Tux IconDoes FOSS have a future?

The legal battle that Software Patents have created has lead to a lot of extravagant claims from both sides. One of the pro-patent arguments is that software must be patentable so that the people who invested time and effort in creating it are rewarded for their efforts. This, they say, gives those people an incentive to continue to create software. FOSS is all about stealing people's ideas and removing the profit from them, thereby destroying any incentive to create. They usually throw in a few "communism" parallels if they're writing for an American audience.

This can sound like a plausible argument. Why would people spend money on creating something if they'll just have to give it away?

If this argument is true, then FOSS is a temporary aberration that should be eliminated. However, it's a deceptive argument. It's on a parallel with saying that copying an MP3 is theft: It only makes sense if you ignore the fundamental difference between intellectual property and physical property.

The purpose of this essay is to make it clear why this argument is not just deceptive, it is demonstrably wrong. This I can do very simply by stating that software is science.

It seems a bit of a stretch to say that programmers are scientists. But it really isn't. Programmers have to understand hardware - that's engineering, electronics, and mathematics. They have to understand algorithms and communications protocols - that's mathematics again. And they have to build upon existing ideas in order to create a new one.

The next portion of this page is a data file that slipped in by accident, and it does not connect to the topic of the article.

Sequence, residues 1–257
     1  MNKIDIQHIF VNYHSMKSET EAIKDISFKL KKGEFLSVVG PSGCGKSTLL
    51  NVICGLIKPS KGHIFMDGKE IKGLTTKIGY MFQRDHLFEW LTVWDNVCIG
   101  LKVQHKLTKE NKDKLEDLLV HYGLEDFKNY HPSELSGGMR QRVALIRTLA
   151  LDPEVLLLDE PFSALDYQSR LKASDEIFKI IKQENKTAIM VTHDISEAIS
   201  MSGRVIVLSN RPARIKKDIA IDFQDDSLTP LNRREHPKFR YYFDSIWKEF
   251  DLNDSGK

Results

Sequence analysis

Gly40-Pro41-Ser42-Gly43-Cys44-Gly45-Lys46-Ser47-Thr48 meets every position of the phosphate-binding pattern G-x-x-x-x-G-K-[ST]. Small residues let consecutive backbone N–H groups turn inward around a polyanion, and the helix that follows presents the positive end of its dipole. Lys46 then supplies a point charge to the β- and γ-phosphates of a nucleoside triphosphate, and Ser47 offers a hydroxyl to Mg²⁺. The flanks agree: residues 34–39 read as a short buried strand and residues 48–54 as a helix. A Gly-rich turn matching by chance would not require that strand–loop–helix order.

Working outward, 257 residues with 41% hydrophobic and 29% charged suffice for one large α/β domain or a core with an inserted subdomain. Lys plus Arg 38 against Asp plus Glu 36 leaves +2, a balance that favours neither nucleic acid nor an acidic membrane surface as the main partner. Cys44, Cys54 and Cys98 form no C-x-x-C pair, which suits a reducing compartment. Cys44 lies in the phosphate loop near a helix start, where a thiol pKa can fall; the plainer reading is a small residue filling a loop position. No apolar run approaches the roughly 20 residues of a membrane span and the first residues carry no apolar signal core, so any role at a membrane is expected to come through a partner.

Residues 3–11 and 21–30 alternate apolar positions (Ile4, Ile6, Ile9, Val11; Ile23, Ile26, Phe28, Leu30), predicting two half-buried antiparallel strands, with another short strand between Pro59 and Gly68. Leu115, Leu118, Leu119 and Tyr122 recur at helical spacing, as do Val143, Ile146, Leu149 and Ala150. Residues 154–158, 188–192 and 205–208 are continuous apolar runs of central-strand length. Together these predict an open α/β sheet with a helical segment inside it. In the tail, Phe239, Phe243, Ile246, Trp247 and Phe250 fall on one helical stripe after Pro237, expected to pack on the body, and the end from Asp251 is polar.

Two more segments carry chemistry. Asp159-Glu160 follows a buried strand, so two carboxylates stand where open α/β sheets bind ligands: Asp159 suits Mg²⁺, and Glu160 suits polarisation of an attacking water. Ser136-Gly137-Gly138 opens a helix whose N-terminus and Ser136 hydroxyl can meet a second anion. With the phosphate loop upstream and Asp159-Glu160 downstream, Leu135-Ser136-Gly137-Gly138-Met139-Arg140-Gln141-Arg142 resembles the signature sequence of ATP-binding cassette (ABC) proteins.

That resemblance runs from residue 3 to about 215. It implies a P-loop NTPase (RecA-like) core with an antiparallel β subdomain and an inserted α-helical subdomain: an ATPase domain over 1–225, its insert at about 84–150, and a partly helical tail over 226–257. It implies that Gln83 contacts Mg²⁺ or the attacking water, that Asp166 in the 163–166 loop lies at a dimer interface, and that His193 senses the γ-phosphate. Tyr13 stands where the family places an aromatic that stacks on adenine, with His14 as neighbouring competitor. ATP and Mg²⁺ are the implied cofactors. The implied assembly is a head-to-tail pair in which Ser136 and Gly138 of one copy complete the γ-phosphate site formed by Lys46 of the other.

Programming is simply applied science. And so we need to look at how science advances:


Science is not closed or proprietary. It doesn't advance by placing limits on how you can use the knowledge it generates. It is recognized that every new discovery is made by "standing on the shoulders of giants". Every new work builds upon previous works. This is how it works, and the only way it can work.

Science is built upon peer review. Anybody can publish any theory or findings. Once they do, any and all interested parties can try and reproduce their experiments and see if they get the same results. Any and all interested parties can try to improve upon the original theories and observations.

That's how science advances. That's how people want software to advance. That's the only way software can advance. Software companies, in their current form, are an aberration that never should have happened.

"You must be able to own an idea to make a profit", say the pro-patent lobby. Do you believe it?

If you do, think about this: You're going to university. This university offers two courses: General science, and basketweaving.

Do you think the world would benefit most from having more scientists, or more basketweavers?

Do you think you would benefit most from becoming a scientist, or a basketweaver?

Scientists rely upon ideas being free. They insist upon ideas being free. Does any intelligent person insist that this means science is doomed and the world needs more basketweavers? Do we find that nobody is interested in paying scientists to create and discover?

No. We find science to be an excellent career choice and the heart of many multi-billion dollar industries. We find giving away ideas but charging for practical applications of those ideas to be a hugely profitable and productive solution.

Do you see the distinction? In science, ideas are free to be used and built upon by anybody. It's the applications of those ideas where the profit is made.

Keeping ideas free to be built upon is infinitely superior to keeping them locked up and proprietary. This is how science works. And it's how software works, regardless of how desperately a very few very rich corporations would prefer you to think otherwise.

Owning ideas is a bad idea. Software patents area bad idea. FOSS is the future.

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